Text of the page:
Times were tough for just about everyone during the 1930′s, including Paramount Studios. In the early 1930′s, Paramount was on the brink of financial disaster and with the Great Depression, audiences needed darn good reasons to spend what money they had on movie tickets. Paramount was facing some pretty tough competition, too. MGM had Greta Garbo, Clark Gable, and Joan Crawford; Warner Brothers had their gangster flicks and Busby Berkley musicals. But Paramount rose to the challenge and created some of the most definitive movies of the decade with some of the best talent in town.
One star vital to Paramount’s success in the 30′s was Mae West. West came to Paramount in 1932 after gaining notoriety for writing her own risqué Broadway shows. She made her film debut opposite George Raft in Night after Night, for which she was allowed to re-write her own scenes. Her quips made her a runaway success and she followed it up in 1933 with She Done Him Wrong, an adaptation of her hit Broadway play “Diamond Lil.” Even though it was made during the pre-code era, She Done Him Wrong still had to be toned down from the stage version, but West has said the thought the film was funnier than the stage version. Audiences certainly loved it and She Done Him Wrong earned a Best Picture Academy Award nomination. She followed it up with I’m No Angel, another smash hit. Mae West’s movies are often credited with saving Paramount from bankruptcy.
But when the production codes went into full force in July of 1934, that put a damper on her signature risqué humor and she only made a handful of movies after that. But Mae West didn’t need a long film career to make a splash. It’s been nearly eighty years since the release of She Done Him Wrong and “Why don’t you come up some time and see me,” remains one of the most iconic lines in film history.
Mae West’s movies were a big reason why the production codes became so strict in 1934, but Cecil B. DeMille certainly had a hand in that, too. DeMille was responsible for three of the most notorious films of the pre-code era: 1930′s Madam Satan (which was actually made at MGM), 1932′s Sign of the Cross, and 1934′s Cleopatra. Sign of the Cross in particular was a real sore spot for some religious groups who did not appreciate DeMille making such risque films with religious themes. But DeMille continued to thrive for over twenty years after the production codes went into effect. He closed out the decade with Union Pacific, which won the Palme d’Or at the 1939 Cannes Film Festival.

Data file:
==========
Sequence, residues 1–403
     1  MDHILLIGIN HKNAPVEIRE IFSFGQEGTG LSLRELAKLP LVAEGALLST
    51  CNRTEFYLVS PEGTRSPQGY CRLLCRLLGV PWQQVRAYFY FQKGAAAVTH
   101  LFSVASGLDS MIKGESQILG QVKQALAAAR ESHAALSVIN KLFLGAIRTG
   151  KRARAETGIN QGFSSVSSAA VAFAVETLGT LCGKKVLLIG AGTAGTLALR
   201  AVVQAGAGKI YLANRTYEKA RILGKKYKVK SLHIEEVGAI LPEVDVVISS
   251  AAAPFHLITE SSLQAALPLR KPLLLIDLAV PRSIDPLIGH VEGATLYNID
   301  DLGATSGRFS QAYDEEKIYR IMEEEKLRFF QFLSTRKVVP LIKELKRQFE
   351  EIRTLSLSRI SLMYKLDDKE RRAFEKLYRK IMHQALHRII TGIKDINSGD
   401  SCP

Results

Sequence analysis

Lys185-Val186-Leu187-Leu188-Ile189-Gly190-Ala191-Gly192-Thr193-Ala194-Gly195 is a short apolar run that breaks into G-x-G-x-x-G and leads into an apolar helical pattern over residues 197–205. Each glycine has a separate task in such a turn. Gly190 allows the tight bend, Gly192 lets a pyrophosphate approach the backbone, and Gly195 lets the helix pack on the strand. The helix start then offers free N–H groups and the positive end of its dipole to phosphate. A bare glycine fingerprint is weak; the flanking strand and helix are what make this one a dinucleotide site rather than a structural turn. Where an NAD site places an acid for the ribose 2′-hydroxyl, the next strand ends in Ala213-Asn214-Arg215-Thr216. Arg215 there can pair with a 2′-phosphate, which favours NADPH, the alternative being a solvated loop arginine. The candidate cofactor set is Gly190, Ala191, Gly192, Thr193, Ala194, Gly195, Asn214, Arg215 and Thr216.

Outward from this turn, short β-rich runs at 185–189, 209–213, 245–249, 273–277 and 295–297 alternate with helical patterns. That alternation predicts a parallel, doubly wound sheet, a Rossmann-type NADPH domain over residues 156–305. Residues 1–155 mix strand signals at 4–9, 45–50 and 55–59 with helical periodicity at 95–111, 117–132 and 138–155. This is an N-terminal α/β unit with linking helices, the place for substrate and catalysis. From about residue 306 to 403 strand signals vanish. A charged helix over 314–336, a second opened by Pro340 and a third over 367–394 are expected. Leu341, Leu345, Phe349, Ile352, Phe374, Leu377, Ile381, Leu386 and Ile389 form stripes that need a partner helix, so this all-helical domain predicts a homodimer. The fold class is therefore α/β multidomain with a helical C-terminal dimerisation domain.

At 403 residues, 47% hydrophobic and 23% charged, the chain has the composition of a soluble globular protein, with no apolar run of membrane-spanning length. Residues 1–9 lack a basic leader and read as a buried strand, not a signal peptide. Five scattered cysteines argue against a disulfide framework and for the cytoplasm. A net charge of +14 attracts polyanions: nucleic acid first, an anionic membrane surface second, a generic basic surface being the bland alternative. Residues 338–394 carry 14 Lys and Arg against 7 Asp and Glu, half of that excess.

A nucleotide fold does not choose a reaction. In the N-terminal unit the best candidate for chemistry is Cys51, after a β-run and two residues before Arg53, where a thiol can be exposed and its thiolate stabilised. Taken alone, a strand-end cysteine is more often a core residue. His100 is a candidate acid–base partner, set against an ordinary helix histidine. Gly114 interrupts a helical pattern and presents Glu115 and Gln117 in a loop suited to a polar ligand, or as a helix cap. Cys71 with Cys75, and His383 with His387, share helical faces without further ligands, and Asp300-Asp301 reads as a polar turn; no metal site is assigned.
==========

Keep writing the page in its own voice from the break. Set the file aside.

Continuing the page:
Director Ernst Lubitsch came to America in 1922 and went from studio to studio for a while before making his first talkie, The Love Parade, at Paramount in 1929. The Love Parade started Lubitsch on a roll of sophisticated musicals and comedies such as The Smiling Lieutenant, One Hour With You, Design for Living, and Trouble in Paradise, all of which are bear that distinctive Lubitsch touch. In 1935, Lubitsch became Paramount’s production manager, but the job wasn’t a very good fit for him and he only did that for one year before heading off to MGM.
Mae West wasn’t the only Paramount star to successfully transition from stage to screen. In 1925, The Marx Brothers hit the stage in their play “The Cocoanuts” and in 1929, The Cocoanuts became their feature film debut. When the Marx Brothers saw The Cocoanuts for the first time, they thought it was terrible and tried to buy the film’s negative. But Paramount refused to sell it, The Cocoanuts became a huge success, and the brothers followed it up with another movie based on a stage hit, Animal Crackers, in 1930. They had continued success at Paramount with Monkey Business, Horse Feathers, and last, but certainly not least, Duck Soup. The Marxes left Paramount after Duck Soup and headed over to MGM in 1935 to make A Night at the Opera and A Day at the Races.
Claudette Colbert also got her start on the stage. She’d tried her hand at film in 1927, but wasn’t too crazy about the experience and preferred acting on stage. But when the Great Depression hit and it became harder to find work on stage, Colbert signed with Paramount in 1929. During the 30′s, she made two movies with Ernst Lubitsch, The Smiling Lieutenant and Bluebeard’s Eighth Wife, and two with Cecil B. DeMille, Cleopatra and Sign of the Cross. Although she had been doing well at Paramount, her biggest success came in 1934 when she reluctantly starred in It Happened One Night for Columbia. When she won the Best Actress Oscar, it allowed her to command a higher salary from Paramount and by 1936, she was the highest paid actress in Hollywood. Colbert ended the 1930s on a high note at Paramount with the delightful comedy Midnight.
After the success of The Blue Angel, Marlene Dietrich came to Paramount to continue collaborating with director Josef von Sternberg. Her first American film, Morocco, featured the now legendary scene of Dietrich performing in a nightclub wearing a tuxedo. It also brought Dietrich her one and only Best Actress Oscar nomination. Dietrich and von Sternberg were a match made in cinema heaven and they truly brought out the best in each other. Movies such as Blonde Venus, The Scarlet Empress, The Devil is a Woman, and Shanghai Express proved to be some of the best work of each of their careers.